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huge benefits to having her spayed include
no unwanted pregnancies
no pyometra
no ovarian cancer
no mess due to seasons
no hassle from dogs

having worked in dog rescue, we had an absolute policy of neutering all adoptees. I believe it saved many lives and reduced repeat business. there is always going to be the odd accidental pregnancy, but most are idiots trying to make money from their bitch. when done responsibly, you should only breed puppies if it is for quality pure bred puppies to continue a breeds existence.

why would the average pet owner not want to spey or neuter? its in their interest and in the best interests of your pet

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Hollyberry

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I'd also think confining an in season bitch in a motorhome in the height of summer would be tough on her, and could get a bit messy too. Male dogs have been known to break through doors in their keenness to meet an in season bitch!
 
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Jessie was spayed at the age of 5 in April. Absolutely no problems with the op, it was all very straightforward. She had a tiny scar which she wasn't bothered with at all.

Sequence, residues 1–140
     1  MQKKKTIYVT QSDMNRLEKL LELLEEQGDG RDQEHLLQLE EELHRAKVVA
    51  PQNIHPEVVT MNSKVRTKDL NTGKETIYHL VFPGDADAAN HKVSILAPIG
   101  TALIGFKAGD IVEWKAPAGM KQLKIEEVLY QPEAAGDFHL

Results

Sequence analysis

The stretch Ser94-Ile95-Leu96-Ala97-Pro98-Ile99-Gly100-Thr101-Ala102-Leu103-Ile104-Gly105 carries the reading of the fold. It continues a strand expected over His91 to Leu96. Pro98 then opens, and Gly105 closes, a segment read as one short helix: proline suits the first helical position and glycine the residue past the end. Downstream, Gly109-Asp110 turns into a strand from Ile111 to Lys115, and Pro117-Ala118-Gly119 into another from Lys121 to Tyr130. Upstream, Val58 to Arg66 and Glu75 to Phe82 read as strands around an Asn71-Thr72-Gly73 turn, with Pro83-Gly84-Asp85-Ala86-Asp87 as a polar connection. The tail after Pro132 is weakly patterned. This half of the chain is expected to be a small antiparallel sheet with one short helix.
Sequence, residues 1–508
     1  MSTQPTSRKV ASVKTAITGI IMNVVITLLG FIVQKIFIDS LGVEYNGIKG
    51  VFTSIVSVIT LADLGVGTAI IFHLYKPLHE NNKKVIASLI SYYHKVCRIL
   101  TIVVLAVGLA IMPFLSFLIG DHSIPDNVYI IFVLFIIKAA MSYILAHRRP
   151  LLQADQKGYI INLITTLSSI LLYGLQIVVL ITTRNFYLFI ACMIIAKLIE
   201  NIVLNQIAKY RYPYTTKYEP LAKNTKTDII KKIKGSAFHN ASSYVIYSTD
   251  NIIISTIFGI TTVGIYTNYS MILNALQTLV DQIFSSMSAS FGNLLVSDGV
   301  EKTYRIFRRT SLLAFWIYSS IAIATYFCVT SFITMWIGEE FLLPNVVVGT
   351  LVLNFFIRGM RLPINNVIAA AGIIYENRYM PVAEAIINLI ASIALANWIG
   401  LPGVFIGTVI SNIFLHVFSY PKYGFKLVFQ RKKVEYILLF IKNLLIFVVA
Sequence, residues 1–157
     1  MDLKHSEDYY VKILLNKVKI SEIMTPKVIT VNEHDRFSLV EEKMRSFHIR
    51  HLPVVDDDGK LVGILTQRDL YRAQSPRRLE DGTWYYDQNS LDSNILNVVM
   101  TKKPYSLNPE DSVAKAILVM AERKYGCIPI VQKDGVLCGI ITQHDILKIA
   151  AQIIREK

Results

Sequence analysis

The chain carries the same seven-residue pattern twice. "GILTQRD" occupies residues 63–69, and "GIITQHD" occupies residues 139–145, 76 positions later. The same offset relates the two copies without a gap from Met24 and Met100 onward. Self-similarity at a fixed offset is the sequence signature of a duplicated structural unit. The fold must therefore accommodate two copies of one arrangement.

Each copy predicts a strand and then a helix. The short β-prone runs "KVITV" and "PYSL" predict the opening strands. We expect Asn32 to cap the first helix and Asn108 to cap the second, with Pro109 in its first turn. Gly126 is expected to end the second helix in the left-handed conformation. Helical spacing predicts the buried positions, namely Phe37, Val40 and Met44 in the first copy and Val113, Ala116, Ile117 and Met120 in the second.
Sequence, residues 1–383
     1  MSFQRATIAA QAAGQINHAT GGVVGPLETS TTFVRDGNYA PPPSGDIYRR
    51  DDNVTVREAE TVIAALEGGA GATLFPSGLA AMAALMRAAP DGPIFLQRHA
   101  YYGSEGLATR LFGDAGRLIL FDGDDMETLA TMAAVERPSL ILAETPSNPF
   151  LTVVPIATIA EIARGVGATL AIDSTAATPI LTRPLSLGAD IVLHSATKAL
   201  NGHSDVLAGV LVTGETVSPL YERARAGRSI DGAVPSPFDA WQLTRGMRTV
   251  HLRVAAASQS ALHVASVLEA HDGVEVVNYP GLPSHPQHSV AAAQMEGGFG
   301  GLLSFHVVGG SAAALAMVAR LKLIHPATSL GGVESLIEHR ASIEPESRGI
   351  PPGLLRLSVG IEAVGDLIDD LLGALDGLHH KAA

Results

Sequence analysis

It's such a relief that we won't have to endure any more seasons :thumb:
 

jhorsf

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I had my dog done at 2 years old when I adopted her after a long discussion with the vet he told me if I did not want to breed her it was cruel not to have her done.The night before I had no sleep with worry was I putting her through an op.I had no need to worry after 24 hrs you would not know she had anything done .I have a relative that did not believe in spaying when his old dog was sick it cost him thousands to save her with 2 emergency ops.DO it now :thumb:

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OP
Ven

Ven

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Okay thanks everyone.

Actually after a certain amount of seasons the health risks are the same whether you get the dog done or not, the damage has been done so to speak and that was out of our control as we have only just adopted her.

She is in season now and there are no hygiene issues probably due to her small size and fastidious grooming so that is not an issue either.